Introduction to my blog and I
My name is Kal, I am a 24-year-old Kiwi living just south of Karamea, my passion for chess has led me to write this blog, which to some degree was partially motivated through sheer boredom.
Karamea, isn’t a heavily populated area, there are 373 people living here and I know every one of them. My neighbours are Mr. Benjamin Douglas who lives to the left-side of me and William Winward on the right.
I play chess and it began when I was 5, maybe 6.
Long-story-short, one day Mr. Douglas and Mr. Windward were playing a game of chess, out on Mr. Windward’s porch. My mother asked if they could babysit me for 2 minutes whilst she rushed off to the hospital – she was a nurse and what should have been 120 seconds turned out to be, in fact, approximately closer to 17,226.
There I was, a 5-year-old boy with two old men in their 50s and so my passion for the game of chess begun.
In 2017, Mr. Windward passed away and, thus, the creation of the Windward Chess Club formed with Mr. Douglas and I, at the helm.
When I was a kid, I knew of some table games, draughts, backgammon, and dominos, the latter regularly play with my uncle. I loved bar skittles as a child. Now older, I see there is a huge array of table games that can be played. Classics like the Pucket, Pick-Up Sticks, Jenga, and Shoot the Moon.
Then you have the more modern games that stray into the realms of board gaming, such as monopoly and scrabble.
I never developed a full infinity with board games or table games like I did with chess.
Chess is a game that required thought and patience this became quite apparent even at a young age. I took pleasure from watching and learning how the game had seemingly limitless ways of being played. From the start losing was very much a commonality, as a child, losing isn’t exactly fun but because it was so frequent when playing against older people, the willingness to learn and win was something that became more of an obsession.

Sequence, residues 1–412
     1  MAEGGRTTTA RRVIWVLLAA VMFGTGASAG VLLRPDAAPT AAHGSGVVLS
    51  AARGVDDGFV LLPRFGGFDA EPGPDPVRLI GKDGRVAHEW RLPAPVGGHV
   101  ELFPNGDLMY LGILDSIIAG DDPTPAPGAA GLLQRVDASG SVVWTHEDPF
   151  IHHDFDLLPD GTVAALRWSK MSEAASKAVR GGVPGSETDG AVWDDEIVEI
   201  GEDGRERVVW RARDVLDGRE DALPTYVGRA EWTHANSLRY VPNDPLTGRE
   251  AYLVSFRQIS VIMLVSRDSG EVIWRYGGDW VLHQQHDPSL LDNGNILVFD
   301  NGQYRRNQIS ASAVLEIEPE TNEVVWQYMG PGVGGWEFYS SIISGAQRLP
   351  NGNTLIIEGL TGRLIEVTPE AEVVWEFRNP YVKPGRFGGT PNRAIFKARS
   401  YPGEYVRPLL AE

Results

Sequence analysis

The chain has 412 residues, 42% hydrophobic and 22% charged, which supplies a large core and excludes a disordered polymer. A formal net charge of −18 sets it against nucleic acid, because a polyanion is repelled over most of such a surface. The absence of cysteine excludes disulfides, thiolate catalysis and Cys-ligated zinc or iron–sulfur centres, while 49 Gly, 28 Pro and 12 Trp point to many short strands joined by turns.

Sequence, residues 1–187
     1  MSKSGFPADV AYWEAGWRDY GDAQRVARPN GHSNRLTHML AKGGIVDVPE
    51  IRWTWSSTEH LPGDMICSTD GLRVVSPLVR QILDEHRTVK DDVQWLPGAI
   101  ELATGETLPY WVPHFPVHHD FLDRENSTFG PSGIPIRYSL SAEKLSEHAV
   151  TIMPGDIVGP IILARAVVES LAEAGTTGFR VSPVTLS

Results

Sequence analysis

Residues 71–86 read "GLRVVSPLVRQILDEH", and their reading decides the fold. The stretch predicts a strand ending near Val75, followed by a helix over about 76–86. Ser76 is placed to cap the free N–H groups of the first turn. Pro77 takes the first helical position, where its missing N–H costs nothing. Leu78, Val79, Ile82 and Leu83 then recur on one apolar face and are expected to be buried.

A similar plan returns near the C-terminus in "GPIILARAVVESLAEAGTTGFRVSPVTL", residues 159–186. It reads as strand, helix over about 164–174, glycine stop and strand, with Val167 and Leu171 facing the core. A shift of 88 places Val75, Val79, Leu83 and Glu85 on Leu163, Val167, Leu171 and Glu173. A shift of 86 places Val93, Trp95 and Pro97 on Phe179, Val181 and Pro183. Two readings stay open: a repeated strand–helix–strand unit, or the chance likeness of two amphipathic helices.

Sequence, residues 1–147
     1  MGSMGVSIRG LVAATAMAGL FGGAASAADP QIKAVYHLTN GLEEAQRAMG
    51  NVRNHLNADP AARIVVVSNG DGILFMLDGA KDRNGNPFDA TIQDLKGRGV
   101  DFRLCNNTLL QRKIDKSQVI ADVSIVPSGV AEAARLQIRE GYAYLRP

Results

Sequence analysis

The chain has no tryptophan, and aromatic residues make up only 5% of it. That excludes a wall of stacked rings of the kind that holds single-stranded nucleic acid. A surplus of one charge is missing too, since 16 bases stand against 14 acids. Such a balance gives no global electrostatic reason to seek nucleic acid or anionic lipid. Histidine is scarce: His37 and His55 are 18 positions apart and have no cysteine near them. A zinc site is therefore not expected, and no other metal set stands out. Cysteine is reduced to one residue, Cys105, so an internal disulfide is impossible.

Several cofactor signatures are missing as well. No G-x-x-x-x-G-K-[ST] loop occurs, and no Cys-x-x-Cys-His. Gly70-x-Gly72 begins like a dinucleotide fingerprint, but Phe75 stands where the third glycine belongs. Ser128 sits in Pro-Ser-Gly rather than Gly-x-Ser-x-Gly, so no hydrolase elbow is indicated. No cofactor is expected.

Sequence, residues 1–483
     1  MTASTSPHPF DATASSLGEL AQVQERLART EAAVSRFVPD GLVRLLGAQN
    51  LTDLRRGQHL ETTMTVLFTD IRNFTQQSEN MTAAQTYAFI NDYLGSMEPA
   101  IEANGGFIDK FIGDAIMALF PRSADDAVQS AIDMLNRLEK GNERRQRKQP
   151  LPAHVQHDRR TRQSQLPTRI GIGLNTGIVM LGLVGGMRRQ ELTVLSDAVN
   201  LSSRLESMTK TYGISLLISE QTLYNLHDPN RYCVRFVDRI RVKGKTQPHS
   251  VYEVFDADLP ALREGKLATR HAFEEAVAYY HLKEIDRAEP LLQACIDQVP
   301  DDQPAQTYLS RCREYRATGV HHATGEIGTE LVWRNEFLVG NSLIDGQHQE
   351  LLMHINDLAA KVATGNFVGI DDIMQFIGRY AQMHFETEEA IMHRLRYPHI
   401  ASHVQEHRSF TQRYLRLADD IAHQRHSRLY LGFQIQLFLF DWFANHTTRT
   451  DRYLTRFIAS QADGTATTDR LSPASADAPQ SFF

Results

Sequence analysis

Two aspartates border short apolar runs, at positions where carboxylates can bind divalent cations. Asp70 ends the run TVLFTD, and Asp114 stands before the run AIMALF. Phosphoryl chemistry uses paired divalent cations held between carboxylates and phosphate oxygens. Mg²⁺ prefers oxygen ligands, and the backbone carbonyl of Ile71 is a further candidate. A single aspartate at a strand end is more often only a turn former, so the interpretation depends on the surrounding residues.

As I grew older, I became more aware, I started to win game, stalemates would become more frequent as my wits tackled those of my peers. For me, the passion for chess was nostalgic, being sat with Mr. Douglas and Mr. Windward and sharing stories whilst we played.
Outside of the Windward Chess Club I would explore other areas of the game, mainly through the services of the Internet.
Slow Chess League
By the time I was 15, I joined a virtual online Slot Chess League. These were tournaments held between players across the world. The platform allowed for players to compete on a global scale, I would be playing against those in Korea, Canada and players in Europe.
The League was quite popular, I’d play about 5 games a week, you would come across the same player may be twice a month, so the numbers were fairly high.
Through the Slow Chess League, I was able to become acquainted with other players. From this I join the Hawaii Chess Federation. This help tournaments, offered access to other clubs and enabled me to compete with players that were considerably better than me, holding state and country titles from the United States.
My progression of learning never ceased, and I soon discovered the ChessExpress tool. This was a major introduction of cutting-edge technology into the game and more importantly, how to learn the game. The tool was able to record your games, provide instant analysis of the moves you make, you could set time-control limits to speed your play up. You could use this tool with any chess board and play with other as learn from them watching games and tournaments.
Now, I have never written a blog before, I’m not entirely sure of the rules but I shall continue regardless to share with you my love of the game, discuss online tips, recommendations, mobile chess play, tournaments and keep you up to date with what Mr. Douglas and I do in the continued memory of Mr Windward.
I hope you enjoy what I am sharing and if you wish to get in touch, please feel free to do so.